The Missing + The Present = The Story

In 2002 I had the priviledge of participating in a Jessie Ball duPont Summer Seminar for Liberal Arts College Faculty at the National Humanities Center.  The seminar I engaged in was entitled, “You Must Remember This: The Creation and Uses of Cultural Memory.” One of the pivotal moments of that three-week experience was when the artist Fred Wilson spoke with us about his work in creating museum exhibits where juxtapositions of objects, or lack thereof,… Read More

Navigating “Normal”

Striving for Normalcy On Tuesday, September 11, 2001, I was scheduled to teach my seminar on Reminiscence at 2:30PM. In the wake of the 9-11 attacks, I emailed my students to tell them that I would be in the classroom at the appointed hour and would be ready to hold class or to just talk, but that they were not required to attend. All of the students showed up, saying that they… Read More

Peter, Paul, and Robben

In February of 2005 I visited Robben Island off the coast of Cape Town, South Africa. The island holds the prison where Nelson Mandela spent 18 years in prison. Two days ago I visited the Peter and Paul Fortress in St. Petersburg, Russia. The island holds a prison that has held Lenin’s older brother, Gorky, Trotsky (the latter two were both held in cell 60 according to Shaw’s memory), and many others…. Read More

Heroic Defenders of Leningrad Memorial

On our way back to St. Petersburg from Catherine’s Palace, we took the opportunity to stop at the Heroic Defenders of Leningrad Memorial. Given the time of day we arrived, the closing time of the underground museum, and the time remaining on our tour bus, we had to sprint through a space that invited reflection. The memorial is located where citizens of Leningrad dug a trench as the last line of defense… Read More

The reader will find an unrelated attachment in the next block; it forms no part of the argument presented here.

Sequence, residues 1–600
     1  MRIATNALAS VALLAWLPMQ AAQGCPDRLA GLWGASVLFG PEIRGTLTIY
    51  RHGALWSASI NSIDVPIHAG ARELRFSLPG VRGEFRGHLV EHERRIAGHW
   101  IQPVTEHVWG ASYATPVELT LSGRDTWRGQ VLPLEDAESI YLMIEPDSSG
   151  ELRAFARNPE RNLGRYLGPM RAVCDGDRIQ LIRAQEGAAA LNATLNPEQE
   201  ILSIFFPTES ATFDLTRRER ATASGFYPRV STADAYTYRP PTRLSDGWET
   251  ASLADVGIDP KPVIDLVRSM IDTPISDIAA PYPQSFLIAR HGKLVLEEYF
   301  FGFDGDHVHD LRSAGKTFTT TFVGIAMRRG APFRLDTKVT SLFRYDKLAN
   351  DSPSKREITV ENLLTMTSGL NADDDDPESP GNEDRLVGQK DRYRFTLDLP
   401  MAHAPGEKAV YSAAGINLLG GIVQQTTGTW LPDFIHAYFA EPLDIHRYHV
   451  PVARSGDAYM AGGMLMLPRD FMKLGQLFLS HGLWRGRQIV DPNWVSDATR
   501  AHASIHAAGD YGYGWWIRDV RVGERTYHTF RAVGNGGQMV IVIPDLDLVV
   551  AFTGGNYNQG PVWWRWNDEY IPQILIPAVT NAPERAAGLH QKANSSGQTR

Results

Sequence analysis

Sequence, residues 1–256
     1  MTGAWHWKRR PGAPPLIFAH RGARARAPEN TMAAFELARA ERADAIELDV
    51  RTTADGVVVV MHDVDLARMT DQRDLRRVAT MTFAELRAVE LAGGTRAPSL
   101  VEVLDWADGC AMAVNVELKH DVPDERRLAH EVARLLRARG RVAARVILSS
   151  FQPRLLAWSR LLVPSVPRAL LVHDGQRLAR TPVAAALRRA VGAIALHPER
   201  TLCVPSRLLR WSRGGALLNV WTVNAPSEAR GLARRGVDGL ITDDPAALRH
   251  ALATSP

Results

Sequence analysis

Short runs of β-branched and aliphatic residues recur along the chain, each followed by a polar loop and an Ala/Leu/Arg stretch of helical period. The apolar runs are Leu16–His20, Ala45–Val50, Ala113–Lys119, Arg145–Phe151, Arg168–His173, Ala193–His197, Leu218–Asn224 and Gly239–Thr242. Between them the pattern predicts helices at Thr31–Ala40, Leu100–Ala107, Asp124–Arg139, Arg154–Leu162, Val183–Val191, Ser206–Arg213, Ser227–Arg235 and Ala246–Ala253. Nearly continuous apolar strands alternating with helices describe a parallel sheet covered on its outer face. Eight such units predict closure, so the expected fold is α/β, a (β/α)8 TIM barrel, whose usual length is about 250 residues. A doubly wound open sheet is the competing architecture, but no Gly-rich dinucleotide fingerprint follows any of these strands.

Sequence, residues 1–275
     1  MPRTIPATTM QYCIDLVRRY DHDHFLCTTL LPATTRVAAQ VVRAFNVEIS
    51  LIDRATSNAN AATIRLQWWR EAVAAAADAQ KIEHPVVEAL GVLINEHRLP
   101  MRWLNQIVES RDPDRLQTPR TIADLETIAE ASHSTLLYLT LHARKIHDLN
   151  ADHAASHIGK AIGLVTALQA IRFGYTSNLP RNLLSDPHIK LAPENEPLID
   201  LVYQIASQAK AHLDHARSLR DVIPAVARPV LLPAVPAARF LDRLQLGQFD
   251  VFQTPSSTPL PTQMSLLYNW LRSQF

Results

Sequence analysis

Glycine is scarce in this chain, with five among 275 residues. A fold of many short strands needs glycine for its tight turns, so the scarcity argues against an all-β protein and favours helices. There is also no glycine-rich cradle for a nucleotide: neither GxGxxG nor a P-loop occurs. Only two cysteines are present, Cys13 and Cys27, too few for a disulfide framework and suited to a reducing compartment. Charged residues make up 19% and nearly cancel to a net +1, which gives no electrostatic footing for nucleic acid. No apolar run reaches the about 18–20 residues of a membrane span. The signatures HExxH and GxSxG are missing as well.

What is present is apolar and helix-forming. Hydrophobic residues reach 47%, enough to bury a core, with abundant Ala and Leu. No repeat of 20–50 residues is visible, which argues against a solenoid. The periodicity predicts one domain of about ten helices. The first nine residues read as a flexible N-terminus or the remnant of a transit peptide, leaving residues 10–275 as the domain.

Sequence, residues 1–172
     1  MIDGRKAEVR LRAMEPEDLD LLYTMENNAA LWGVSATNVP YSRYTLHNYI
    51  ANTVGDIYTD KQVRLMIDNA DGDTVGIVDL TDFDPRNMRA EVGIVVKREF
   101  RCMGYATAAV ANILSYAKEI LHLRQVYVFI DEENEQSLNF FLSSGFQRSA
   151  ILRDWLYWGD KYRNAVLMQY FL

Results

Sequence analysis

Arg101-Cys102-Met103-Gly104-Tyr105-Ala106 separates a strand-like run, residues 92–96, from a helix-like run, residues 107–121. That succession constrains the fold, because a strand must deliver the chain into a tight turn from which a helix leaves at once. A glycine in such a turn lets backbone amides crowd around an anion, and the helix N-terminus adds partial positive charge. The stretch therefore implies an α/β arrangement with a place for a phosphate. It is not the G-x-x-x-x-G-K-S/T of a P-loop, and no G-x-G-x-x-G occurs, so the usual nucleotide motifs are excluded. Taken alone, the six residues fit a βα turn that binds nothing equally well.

Location, Location, Location

Two days ago the heavy rain and winds led to a change in plans for our bus tour. After several planned stops for photo ops that we declined, the guide seemed increasingly nervous. I imagined her thinking, “what am going to do with these people?” When Amanda realized that the guide did not understand we are professors rather than a typical tour group, she clarified. The guide responded by offering a visit… Read More

Don’t Judge a Church by Its Cover

This morning Alison, Sharon, Shelley, and I visited The Church of Our Savior on the Spilled Blood. The church is built on the site where Alexander II was assassinated, and yesterday’s guide told us it is the only Russian-style building in St. Petersburg. If you clicked on the link, you can see how elaborate the building is. (I can add pictures when back home, but my iPhone 4 can’t access the internet… Read More

Van Gogh Alive

Shortly before leaving for Russia I viewed the Van Gogh Alive exhibit at Discovery Place in Charlotte. Visiting art in a science museum brought new ways to view paintings I have long admired. For example, the enormous screens showing the art often focused on small features of a larger work, one at a time. Music from Van Gogh’s time played as the images changed, and other screens showed quotes from Van Gogh’s… Read More

A Dash of Russia

Years ago our dear friends Kelly and Masoud hosted one of their wonderful dinner parties. My husband, Mark, complimented the taste of lemon in a particular dish. In her characteristic good-natured verbal sparring, Kelly told Mark that he was hallucinating the lemon taste and headed back to the kitchen for more delicious food. Moments later she returned to say something like, “oh my gosh, I put a dash of lemon pepper in… Read More

“So that’s a story, but who knows”

Our Kremlin guide told us more fascinating tales than I can hope to remember. The conclusion of many of these was “so that’s a story, but who knows”. This phrase was offered so cheerfully, suggesting that even if evidence emerged to counter the story, the story was so deeply rooted in cultural identity that modifying it would be difficult if not impossible. That phenomenon also happens at a personal level. Whether conscious… Read More

It’s All Connected

Whenever a Pilates exercise gives me relief in a part of my body I didn’t realize that I was stretching, my instructor tells me, “it’s all connected.” As we continue our travels that phrase keeps coming to mind. For example, early on in our tour of the Museum of Contemporary Russia (known by several names including the Revolution Museum) we ran into a bust of Pavlov. As you may know, Pavlov identified… Read More